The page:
Nitin Chhoda differentiates between the terms ‘medical records’, ‘health record’ and ‘health information’. The importance of HIPAA laws to protect patient privacy, and how this relates to EMR security is also discussed.
With the advent of electronic medical record, a specialized vocabulary has arisen and it’s confusing to many. The terms are often lumped and used to indicate the same type of document.
While one type can encompass information contained in another, they’re distinctly different.
Therapists would do well to differentiate the three, as one contains sensitive information that can create a breach of privacy and security.
Medical Record, Health Record and Health Information
A patient’s medical record includes a wide variety of information that’s been compiled over an extended period of time by multiple healthcare professionals. It includes prescriptions, therapies, x-rays and tests, along with illnesses, surgeries and notes from any number of healthcare providers.
In contrast, a health record compared to medical record is compiled and maintained by a single healthcare provider. A health record is a comprehensive document that details the treatments provided by a single healthcare professional and are kept by the individual therapist.
Health information is personally identifiable data that’s protected by law to ensure privacy. In 1996, the Health Insurance Portability and Accountability Act (HIPAA) set forth national standards for healthcare providers and institutions of all types for the collection, handling and maintenance of client health information.
HIPAA limits the types of medical record information that can be collected, the way it can be shared, and with whom. There are also restrictions on how much client’s medical record data therapists can use in their marketing endeavors.
Patients must be provided with a copy of their own medical records when they request them in writing. HIPAA also makes provisions for the sharing of client data or medical record among healthcare providers to coordinate care. Generally, client information can’t be sold.
Exceptions for the dissemination of medical record data are made when the data is used for research, public health reasons, or in the event of a company merger. It’s also permissible if the president declares a disaster or emergency, or if a public health emergency is declared by the Secretary of Health and Human Services.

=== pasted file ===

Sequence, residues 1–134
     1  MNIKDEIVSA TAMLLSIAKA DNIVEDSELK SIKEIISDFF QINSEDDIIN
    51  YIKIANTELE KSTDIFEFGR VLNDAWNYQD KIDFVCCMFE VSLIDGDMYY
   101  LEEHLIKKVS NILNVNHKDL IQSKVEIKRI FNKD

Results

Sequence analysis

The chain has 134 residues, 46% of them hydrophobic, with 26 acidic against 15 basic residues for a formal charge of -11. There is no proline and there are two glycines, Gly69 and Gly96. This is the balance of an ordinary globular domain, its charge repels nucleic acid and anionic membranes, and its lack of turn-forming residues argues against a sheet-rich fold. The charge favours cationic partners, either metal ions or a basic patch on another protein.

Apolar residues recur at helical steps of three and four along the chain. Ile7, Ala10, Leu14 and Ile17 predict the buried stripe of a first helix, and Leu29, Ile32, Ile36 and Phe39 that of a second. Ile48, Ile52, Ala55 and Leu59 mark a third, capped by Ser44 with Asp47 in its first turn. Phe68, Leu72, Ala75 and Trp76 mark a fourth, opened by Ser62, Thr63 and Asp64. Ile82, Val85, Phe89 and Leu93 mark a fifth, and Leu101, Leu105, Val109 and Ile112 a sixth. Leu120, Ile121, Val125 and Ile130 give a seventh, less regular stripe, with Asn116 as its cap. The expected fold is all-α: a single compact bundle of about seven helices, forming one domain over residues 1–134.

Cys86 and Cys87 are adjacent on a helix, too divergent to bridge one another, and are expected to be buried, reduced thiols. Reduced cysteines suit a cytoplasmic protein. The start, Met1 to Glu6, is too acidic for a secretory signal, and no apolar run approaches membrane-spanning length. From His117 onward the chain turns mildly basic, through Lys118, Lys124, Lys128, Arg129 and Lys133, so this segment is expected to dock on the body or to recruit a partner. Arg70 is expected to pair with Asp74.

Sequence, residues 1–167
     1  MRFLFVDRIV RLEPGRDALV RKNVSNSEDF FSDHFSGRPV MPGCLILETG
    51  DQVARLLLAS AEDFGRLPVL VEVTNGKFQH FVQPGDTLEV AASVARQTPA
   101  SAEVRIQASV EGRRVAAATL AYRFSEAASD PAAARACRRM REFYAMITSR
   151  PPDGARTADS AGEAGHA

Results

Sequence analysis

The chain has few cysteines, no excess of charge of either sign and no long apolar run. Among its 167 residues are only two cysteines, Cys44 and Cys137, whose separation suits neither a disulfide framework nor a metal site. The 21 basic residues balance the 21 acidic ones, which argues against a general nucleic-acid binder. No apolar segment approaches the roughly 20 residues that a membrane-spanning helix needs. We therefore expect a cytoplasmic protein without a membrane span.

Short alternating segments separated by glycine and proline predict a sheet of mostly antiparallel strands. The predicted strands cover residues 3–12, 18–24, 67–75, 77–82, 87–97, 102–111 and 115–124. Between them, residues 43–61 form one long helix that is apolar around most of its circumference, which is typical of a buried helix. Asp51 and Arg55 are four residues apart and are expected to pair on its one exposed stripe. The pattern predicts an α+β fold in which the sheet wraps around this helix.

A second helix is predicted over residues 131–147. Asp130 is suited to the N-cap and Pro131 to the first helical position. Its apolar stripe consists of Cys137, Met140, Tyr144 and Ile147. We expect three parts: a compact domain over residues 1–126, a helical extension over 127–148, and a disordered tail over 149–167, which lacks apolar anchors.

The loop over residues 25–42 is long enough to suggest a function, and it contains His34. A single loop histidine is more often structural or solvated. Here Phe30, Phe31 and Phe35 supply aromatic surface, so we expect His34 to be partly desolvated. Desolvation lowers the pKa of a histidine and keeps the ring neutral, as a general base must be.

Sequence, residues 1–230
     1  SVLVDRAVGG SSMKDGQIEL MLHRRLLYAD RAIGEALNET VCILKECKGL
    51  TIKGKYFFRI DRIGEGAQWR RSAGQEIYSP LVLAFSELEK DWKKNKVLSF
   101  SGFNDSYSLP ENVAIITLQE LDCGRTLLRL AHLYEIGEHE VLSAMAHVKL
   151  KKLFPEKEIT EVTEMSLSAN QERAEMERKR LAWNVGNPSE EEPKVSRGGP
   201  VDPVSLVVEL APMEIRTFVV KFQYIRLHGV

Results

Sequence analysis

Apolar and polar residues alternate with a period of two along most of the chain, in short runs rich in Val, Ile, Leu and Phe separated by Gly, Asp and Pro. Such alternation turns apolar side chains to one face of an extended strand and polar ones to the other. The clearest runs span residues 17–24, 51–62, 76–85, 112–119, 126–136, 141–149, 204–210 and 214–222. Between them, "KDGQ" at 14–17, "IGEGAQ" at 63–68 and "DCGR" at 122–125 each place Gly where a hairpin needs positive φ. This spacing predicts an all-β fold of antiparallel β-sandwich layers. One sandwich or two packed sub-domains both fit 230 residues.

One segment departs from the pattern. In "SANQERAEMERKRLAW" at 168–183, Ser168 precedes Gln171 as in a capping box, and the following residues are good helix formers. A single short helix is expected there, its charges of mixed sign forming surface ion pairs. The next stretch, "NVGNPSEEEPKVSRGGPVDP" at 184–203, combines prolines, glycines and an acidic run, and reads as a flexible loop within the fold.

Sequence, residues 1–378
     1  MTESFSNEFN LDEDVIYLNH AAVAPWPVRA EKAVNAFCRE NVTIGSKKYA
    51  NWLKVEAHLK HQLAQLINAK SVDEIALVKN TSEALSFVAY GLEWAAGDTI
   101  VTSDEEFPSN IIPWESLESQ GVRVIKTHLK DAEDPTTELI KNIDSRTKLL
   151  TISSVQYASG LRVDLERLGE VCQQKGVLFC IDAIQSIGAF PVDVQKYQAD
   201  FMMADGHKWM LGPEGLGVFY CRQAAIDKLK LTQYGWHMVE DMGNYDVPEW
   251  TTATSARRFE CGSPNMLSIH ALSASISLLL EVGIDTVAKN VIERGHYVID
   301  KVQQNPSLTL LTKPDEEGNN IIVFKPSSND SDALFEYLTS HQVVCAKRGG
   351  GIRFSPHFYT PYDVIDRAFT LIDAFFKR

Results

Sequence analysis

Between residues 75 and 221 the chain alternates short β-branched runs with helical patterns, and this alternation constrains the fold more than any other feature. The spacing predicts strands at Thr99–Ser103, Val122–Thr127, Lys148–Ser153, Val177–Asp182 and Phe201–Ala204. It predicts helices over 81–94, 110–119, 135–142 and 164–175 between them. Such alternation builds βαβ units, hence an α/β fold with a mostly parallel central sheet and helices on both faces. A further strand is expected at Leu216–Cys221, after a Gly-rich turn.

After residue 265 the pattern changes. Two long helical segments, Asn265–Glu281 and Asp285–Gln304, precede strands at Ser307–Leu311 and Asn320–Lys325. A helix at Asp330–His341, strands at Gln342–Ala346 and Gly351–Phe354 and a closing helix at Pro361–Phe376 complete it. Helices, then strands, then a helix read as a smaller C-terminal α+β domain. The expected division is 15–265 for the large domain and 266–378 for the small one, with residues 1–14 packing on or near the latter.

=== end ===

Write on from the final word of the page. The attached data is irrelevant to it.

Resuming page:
With the transition to electronic medical records, patients and many clinicians have expressed trepidation about the ability to maintain sufficient confidentiality and privacy of healthcare and medical record.
Those doubts and misgivings have prevented healthcare facilities and professionals in all fields to delay the transition to an EMR.
With the deadline of 2014 looming large on the horizon for EMR implementation, the question has been taken out of the hands of therapists. The question facing professionals now is which EMR they should choose.
Security is a primary consideration. Previous generations of providers could simply secure patient information within the office under lock and key. Electronic records require more stringent methods of protection to ensure individual health information and medical record isn’t leaked, stolen or hacked.
Therapists can opt for an on-site server-based system or a web-based solution. Those who select a server-based system are responsible for maintaining a sufficient level of security. With a web-based system provided by a vendor, HIPAA-compliant security is handled by the EMR provider.
Records management and the steps necessary to keep sensitive information secure will play an increasing role in the everyday operation of physical therapy practices for years to come. It’s imperative for therapists to understand the importance of securing medical information and the difference between medical records, health records and health information to avoid the inadvertent release of sensitive and protected data.